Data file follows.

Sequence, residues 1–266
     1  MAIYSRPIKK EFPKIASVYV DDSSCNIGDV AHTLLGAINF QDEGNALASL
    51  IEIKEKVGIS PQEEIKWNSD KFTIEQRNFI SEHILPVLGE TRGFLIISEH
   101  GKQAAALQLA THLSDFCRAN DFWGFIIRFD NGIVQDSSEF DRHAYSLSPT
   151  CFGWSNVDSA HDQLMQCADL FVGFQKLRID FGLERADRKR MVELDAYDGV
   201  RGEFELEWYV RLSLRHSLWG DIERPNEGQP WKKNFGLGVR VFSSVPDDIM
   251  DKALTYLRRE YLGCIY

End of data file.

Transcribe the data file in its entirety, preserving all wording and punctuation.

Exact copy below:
Sequence, residues 1–266
     1  MAIYSRPIKK EFPKIASVYV DDSSCNIGDV AHTLLGAINF QDEGNALASL
    51  IEIKEKVGIS PQEEIKWNSD KFTIEQRNFI SEHILPVLGE TRGFLIISEH
   101  GKQAAALQLA THLSDFCRAN DFWGFIIRFD NGIVQDSSEF DRHAYSLSPT
   151  CFGWSNVDSA HDQLMQCADL FVGFQKLRID FGLERADRKR MVELDAYDGV
   201  RGEFELEWYV RLSLRHSLWG DIERPNEGQP WKKNFGLGVR VFSSVPDDIM
   251  DKALTYLRRE YLGCIY